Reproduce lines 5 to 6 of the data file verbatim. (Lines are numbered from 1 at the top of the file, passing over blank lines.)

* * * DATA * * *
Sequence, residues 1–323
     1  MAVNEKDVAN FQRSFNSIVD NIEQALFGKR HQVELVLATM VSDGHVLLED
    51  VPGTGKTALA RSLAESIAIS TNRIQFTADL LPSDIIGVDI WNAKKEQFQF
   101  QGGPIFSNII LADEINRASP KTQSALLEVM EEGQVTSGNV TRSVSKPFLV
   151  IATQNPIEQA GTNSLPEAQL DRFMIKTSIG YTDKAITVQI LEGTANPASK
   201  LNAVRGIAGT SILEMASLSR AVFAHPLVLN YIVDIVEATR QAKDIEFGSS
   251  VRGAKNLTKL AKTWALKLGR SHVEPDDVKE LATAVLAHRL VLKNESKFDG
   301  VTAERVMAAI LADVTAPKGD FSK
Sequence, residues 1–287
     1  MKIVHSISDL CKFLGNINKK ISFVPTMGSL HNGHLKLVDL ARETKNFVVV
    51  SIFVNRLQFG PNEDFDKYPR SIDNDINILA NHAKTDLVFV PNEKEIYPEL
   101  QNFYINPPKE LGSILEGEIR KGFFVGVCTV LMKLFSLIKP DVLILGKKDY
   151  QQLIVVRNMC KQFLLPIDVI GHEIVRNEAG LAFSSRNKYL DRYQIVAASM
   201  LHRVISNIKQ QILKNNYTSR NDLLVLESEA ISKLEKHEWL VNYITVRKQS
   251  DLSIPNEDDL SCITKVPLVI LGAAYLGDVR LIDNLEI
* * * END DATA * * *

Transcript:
   151  IATQNPIEQA GTNSLPEAQL DRFMIKTSIG YTDKAITVQI LEGTANPASK
   201  LNAVRGIAGT SILEMASLSR AVFAHPLVLN YIVDIVEATR QAKDIEFGSS